# When can we expect the last damn microarray paper?

January 18, 2012
By

(This article was first published on Jermdemo Raised to the Law, and kindly contributed to R-bloggers)

### With bonus R code

It came as a shock to learn from PubMed that almost 900 papers were published with the word "microarray" in their titles last year alone, just 12 shy of the 2010 count. More alarming, many of these papers were not of the innocuous "Microarray study of gene expression in dog scrotal tissue" variety, but dry rehashings along the lines of "Statistical approaches to normalizing microarrays to the reference brightness of Ursa Minor".

It's an ugly truth we must face: people aren't just using microarrays, they're still writing about them.

See for yourself:

getCount<-function(term){function(year){  nihUrl<-concat("http://eutils.ncbi.nlm.nih.gov/entrez/eutils/esearch.fcgi?db=pubmed&term=",term,"+",year,"[pdat]")  #cleanurl<-gsub('\\]','%5D',gsub('\\[','%5B',x=url))  #http://eutils.ncbi.nlm.nih.gov/entrez/eutils/esearch.fcgi?db=pubmed&term=microarray%5btitle%5d+2003%5bpdat%5d  xml<-xmlTreeParse(URLencode(nihUrl),isURL=TRUE)  #Data Mashups in R, pg17  as.numeric(xmlValue(xml$doc$children$eSearchResult$children$Count$children\$text))}}years<-1995:2011df<-data.frame(type="obs",year=years,    mic=sapply(years,function(x){do.call(getCount('microarray[title]'),list(x))}),    ngs=sapply(years,function(x){do.call(getCount('"next generation sequencing"[title] OR "high-throughput sequencing"[title]'),list(x))}))#papers with "microarray" in title> df[,c("year","mic")]   year  mic1  1995    22  1996    43  1997    04  1998    75  1999   286  2000  1087  2001  2738  2002  5539  2003  77010 2004 103211 2005 113512 2006 121613 2007 110714 2008 105515 2009  98116 2010  90917 2011  897
Reading another treatise on microarray normalization in 2012 would be just tragic. Who still reads these? Who still writes these papers? Can we stop them? If not, when can we expect NGS to wipe them off the map?
#97 is a fair startdf<-subset(df,year>=1997)mdf<-melt(df,id.vars=c("type","year"),variable_name="citation")c<-ggplot(mdf,aes(x=year))p<-c+geom_point(aes(y=value,color=citation)) +  ylab("papers") +  stat_smooth(aes(y=value,color=citation),data=subset(mdf,citation=="mic"),method="loess") +  scale_x_continuous(breaks=seq(from=1997,to=2011,by=2))print(p)
Here I plot both microarray and next-generation sequencing papers (in title). We see kurtosis is working in our favor, and LOESS seems to agree!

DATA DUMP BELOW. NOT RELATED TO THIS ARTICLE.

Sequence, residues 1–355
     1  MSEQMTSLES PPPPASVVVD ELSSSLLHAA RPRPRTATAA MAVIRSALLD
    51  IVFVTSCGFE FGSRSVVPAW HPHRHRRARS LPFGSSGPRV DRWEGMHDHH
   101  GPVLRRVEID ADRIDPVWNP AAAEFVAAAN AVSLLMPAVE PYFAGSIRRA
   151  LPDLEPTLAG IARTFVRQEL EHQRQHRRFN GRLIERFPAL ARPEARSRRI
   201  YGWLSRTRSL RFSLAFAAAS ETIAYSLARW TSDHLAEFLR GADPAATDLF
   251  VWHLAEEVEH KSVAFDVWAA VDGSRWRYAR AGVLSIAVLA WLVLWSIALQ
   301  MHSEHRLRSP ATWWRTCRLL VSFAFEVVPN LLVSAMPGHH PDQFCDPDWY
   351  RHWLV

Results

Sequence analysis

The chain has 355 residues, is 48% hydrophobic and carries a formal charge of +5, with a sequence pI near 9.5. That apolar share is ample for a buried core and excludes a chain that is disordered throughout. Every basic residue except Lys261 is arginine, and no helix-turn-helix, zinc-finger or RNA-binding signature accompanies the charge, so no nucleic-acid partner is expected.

But when will the pain end? Let us extrapolate, wildly.
#Return 0 for negative elements# noNeg(c(3,2,1,0,-1,-2,2))# [1] 3 2 1 0 0 0 2noNeg<-function(v){sapply(v,function(x){max(x,0)})}#Return up to the first negative/zero element inclusive# toZeroNoNeg(c(3,2,1,0,-1,-2,2))# [1] 3 2 1 0toZeroNoNeg<-function(v){noNeg(v)[1:firstZero(noNeg(v))]}#return index of first zerofirstZero<-function(v){which(noNeg(v)==0)[1]}#let's peer into the futuredf.lo.mic<-loess(mic ~ year,df,control=loess.control(surface="direct"))#when will it stop?mic_predict<-as.integer(predict(df.lo.mic,data.frame(year=2012:2020),se=FALSE))zero_year<-2011+firstZero(mic_predict)cat(concat("LOESS projects ",sum(toZeroNoNeg(mic_predict))," more microarray papers."))cat(concat("The last damn microarray paper is projected to be in ",(zero_year-1),"."))#predict ngs growthdf.lo.ngs<-loess(ngs ~ year,df,control=loess.control(surface="direct"))ngs_predict<-as.integer(predict(df.lo.ngs,data.frame(year=2012:zero_year),se=FALSE))pred_df<-data.frame(type="pred",year=c(2012:zero_year),mic=toZeroNoNeg(mic_predict),ngs=ngs_predict)df2<-rbind(df,pred_df)mdf2<-melt(df2,id.vars=c("type","year"),variable_name="citation")c2<-ggplot(mdf2,aes(x=year))p2<-c2+geom_point(aes(y=value,color=citation,shape=type),size=3) +    ylab("papers") +    scale_y_continuous(breaks=seq(from=0,to=1600,by=200))+    scale_x_continuous(breaks=seq(from=1997,to=zero_year,by=2))print(p2)

LOESS projects 2038 more microarray papers.
The last damn microarray paper is projected to be published in 2016.

Yeah, right...

Full R code here: https://gist.github.com/1637248